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"My Boys and Girls" (1844)

While this sketch first appeared in The Rover, 20 April 1844, biographers suppose that it was written as early as 1835. For publication and biographical comments, see Thomas Brasher's edition of The Early Poems and the Fiction.

This sketch is viewed as a small exercise in autobiography. It is a listing in paragraphs of children that the bachelor-speaker looks upon as his own. He describes the children and their fun, but he also laments their growth into the world of sin and pain. David Reynolds reads the sketch as Whitman's attempt to keep himself and his siblings frozen in childhood.

There is some humorous play in the sketch. Three children, like Whitman's brothers, have the names of United States presidents. "Strange paradox!" (Whitman 248)—Andrew Jackson is considerably older than Thomas Jefferson and George Washington. Other children are referred to by their initials, as if to preserve a secret. Other humor is derived from the idea of a bachelor being a father.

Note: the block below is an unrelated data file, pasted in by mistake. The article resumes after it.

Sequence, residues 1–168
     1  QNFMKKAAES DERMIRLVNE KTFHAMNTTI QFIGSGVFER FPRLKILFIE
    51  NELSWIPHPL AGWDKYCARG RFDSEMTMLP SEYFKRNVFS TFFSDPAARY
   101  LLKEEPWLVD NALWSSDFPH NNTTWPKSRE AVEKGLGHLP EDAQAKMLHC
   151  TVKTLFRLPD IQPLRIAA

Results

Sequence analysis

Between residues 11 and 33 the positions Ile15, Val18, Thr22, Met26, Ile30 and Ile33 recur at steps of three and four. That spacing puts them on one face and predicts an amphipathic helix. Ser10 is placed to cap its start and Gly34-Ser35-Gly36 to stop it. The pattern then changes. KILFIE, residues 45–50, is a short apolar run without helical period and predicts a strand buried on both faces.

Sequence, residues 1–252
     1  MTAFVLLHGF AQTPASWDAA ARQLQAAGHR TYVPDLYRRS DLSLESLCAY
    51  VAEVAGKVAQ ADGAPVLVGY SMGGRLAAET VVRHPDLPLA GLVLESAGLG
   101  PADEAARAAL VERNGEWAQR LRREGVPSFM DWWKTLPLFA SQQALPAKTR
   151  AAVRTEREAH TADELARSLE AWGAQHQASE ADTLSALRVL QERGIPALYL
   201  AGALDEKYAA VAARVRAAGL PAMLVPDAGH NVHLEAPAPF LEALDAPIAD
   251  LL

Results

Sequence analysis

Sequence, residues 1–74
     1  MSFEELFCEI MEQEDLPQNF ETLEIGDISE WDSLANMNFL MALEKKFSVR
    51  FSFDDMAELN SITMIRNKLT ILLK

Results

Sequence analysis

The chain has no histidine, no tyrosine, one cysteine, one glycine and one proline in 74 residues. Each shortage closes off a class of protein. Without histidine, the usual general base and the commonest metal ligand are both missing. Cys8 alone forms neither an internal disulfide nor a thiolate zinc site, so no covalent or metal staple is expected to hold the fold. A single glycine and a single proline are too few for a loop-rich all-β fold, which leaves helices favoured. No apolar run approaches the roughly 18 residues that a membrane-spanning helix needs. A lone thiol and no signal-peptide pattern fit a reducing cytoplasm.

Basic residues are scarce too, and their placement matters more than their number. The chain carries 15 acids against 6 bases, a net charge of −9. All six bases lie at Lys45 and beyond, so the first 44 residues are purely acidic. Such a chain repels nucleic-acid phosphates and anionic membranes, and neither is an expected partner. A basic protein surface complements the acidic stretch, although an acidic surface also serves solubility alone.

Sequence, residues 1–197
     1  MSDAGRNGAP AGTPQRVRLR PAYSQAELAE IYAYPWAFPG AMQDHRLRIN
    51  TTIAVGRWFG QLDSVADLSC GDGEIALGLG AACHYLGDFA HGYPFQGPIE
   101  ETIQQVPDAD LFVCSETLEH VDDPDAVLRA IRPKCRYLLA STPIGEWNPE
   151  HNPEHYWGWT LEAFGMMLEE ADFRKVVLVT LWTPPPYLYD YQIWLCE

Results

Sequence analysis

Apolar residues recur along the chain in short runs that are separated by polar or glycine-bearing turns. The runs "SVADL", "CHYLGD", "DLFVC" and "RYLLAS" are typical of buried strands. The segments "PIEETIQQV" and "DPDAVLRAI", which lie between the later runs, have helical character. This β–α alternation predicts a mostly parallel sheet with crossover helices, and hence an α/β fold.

In a notable paragraph, there is some stylistic and thematic foreshadowing of Whitman's later work. Specifically, Whitman lists the world's ills, using the parallelism of much of his later poetry. Also, the description of a child's burial includes the overwhelming scent of apple blossoms, which gives "a deadlier sickness in our souls" (249) and thereby anticipates "When Lilacs Last in the Dooryard Bloom'd" (1865). Kaplan ties this paragraph as well to the homoeroticism of "Calamus." Callow sees an anticipation of "There was a Child Went Forth" (1855) in the entire sketch.


Allen, Gay Wilson. The Solitary Singer: A Critical Biography of Walt Whitman. 1955. Rev. ed. 1967. Chicago: U of Chicago P, 1985.

Callow, Philip. From Noon to Starry Night: A Life of Walt Whitman. Chicago: Ivan R. Dee, 1992.

Kaplan, Justin. Walt Whitman: A Life. New York: Simon and Schuster, 1980.

Reynolds, David S. Walt Whitman's America: A Cultural Biography. New York: Knopf, 1995.

Whitman, Walt. The Early Poems and the Fiction. Ed. Thomas L. Brasher. New York: New York UP, 1963.

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